X hits on this document





46 / 49

73:Miskokway Lake, Ontario. July 1862

Leaving Upper Fort Garry and using Metis trails, the 4,500 troops have established camp at the remote lake on the edge of the Canadian Shield. Scouts have returned from the British fort at Parry Sound, 30 miles to the south. The Garrison has been reduced to 300 men. Mangan suggests that the fort is surrounded and communication to Toronto cut off. Then, unless the British commanding officer is mad, an immediate surrender will be offered. Progress to the camp has been quicker than expected, and to keep to the strictly coordinated timetable, Mangan orders his men to rest up for three days. The messenger dispatched by O’Neill arrives. Mangan, Jean-Paul, Nault and Finbar meet in Mangan’s tent to assess the situation. Everything has gone to plan in Buffalo and St Albans. All the men are amused at the British reaction in Ireland. Pulling troops out of Canada is an ironic bonus. It is the news about the Civil War that is the problem. Although the Union are winning battles the South are clearly winning the war. The Confederate hero, General Lee, and his army, are moving relentlessly towards Washington. Jean-Paul argues that the attack on the British Garrison will be the point of no return and the timing is against them. Perhaps they should consider suspending the invasion, hoping that the tide of the Civil War will change. Nault does not look happy but it is clear that Jean-Paul has already convinced him. Finbar, who has been unusually quiet throughout the meeting, now speaks. He says that he wants to make two cases for a change in the plan. One from his heart and the other from his head. He starts by passionately painting a picture of what life is like for slaves in the South. He emotionally argues that the plight of a catholic farmer in Galway, or a Metis fur trader in Manitoba pales into insignificance when compared to the plight of slaves. After he has finished, Mangan breaks the silence. He asks Finbar what he intends doing about it.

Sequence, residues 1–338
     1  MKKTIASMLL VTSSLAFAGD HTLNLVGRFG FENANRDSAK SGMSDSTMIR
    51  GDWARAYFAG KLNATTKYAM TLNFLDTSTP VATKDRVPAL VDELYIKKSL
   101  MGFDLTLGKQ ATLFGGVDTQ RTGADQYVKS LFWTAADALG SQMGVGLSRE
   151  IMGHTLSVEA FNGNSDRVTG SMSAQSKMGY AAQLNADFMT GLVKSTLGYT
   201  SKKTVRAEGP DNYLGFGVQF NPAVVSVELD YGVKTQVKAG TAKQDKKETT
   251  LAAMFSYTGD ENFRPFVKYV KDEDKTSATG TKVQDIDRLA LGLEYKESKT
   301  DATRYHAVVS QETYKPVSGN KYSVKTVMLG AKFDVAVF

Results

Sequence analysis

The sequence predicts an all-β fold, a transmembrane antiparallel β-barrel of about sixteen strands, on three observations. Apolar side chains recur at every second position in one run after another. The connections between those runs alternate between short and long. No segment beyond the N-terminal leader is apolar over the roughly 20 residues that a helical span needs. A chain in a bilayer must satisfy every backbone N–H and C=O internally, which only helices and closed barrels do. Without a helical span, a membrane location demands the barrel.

74:Rochester. August 1862

Frederick Douglas is intrigued to have a letter from his old friend hand delivered by a Metis horseman. Douglas’s reply is to tell Finbar that had his message arrived a day

Document info
Document views83
Page views83
Page last viewedWed Oct 26 11:40:55 UTC 2016